The chief executive of Tallgrass Energy LP, under fire from investors over sales talks with private equity firm Blackstone, on Oct. 30 defended management provisions in the deal and blamed selling shareholders for a 23% stock-price drop.
In August, Blackstone Infrastructure Partners made a non-binding proposal to buy the shares in Tallgrass it does not already own for $3.03 billion, or $19.50 apiece. The agreement included a provision for management to be paid about a 30% premium for shares in the general partner that owns Tallgrass.
Tallgrass CEO David Dehaemers called it "patently false" that managers would get a higher price for their shares than retail investors in the company's limited partnership. The additional compensation included in the proposed deal was for retention, non-compete agreements and share sales restrictions, he said.
Dehaemers blamed the decline in the share price on "our largest institutional holders," telling investors on an earnings call, "Look at what they have bought and sold." He did not identify the selling shareholders by name.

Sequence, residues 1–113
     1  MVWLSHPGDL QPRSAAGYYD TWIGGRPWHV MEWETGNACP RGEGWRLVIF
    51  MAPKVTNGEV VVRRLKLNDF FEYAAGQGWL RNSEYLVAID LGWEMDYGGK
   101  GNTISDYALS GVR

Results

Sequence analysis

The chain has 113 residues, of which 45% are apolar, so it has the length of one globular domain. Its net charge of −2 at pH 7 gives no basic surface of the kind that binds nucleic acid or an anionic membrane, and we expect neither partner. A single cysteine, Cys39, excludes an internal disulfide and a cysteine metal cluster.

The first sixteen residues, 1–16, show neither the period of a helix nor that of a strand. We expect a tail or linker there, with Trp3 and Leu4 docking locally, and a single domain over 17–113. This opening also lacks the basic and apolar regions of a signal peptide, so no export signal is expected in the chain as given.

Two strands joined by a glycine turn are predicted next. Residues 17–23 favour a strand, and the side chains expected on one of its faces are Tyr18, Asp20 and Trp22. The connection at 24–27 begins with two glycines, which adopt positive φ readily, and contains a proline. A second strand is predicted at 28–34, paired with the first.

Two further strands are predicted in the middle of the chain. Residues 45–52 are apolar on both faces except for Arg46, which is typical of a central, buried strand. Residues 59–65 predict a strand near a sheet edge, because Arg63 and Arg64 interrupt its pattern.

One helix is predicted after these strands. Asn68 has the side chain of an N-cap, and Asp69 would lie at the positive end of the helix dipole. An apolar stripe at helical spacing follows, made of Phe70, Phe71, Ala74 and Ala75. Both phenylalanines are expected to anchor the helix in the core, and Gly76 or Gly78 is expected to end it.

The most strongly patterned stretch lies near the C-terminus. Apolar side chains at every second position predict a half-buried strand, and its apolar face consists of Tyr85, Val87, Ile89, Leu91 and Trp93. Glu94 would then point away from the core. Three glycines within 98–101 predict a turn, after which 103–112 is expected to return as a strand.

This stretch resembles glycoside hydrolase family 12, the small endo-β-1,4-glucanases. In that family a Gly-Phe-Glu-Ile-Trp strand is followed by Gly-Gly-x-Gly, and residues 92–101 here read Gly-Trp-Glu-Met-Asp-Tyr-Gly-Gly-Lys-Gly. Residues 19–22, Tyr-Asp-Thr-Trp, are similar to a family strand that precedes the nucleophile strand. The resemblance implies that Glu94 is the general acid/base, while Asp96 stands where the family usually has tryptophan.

Blaming institutional investors for the share price decline "is like blaming the sun for a sunburn," said Ethan Bellamy, an analyst at investment firm Robert W. Baird & Co who previously criticized the management deal as "bad governance."
"The agreement insulated management from stock price declines, unlike those experienced by common holders," Bellamy said. "We know what management is getting for most of their stock. We still don’t know what TGE common holders will receive."
Over the past seven years, Dehaemers said he accumulated more than 2 million shares and until March had never sold any.
Tallgrass closed at $18.32 on Oct. 30, down from $23.83 when Blackstone first agreed to acquire a 44.2% stake in late January. In August, Blackstone offered to buy out the rest.
However, Bellamy said in a note to clients that the stock price would likely recover toward the $19.50 mark, Blackstone's takeout price.
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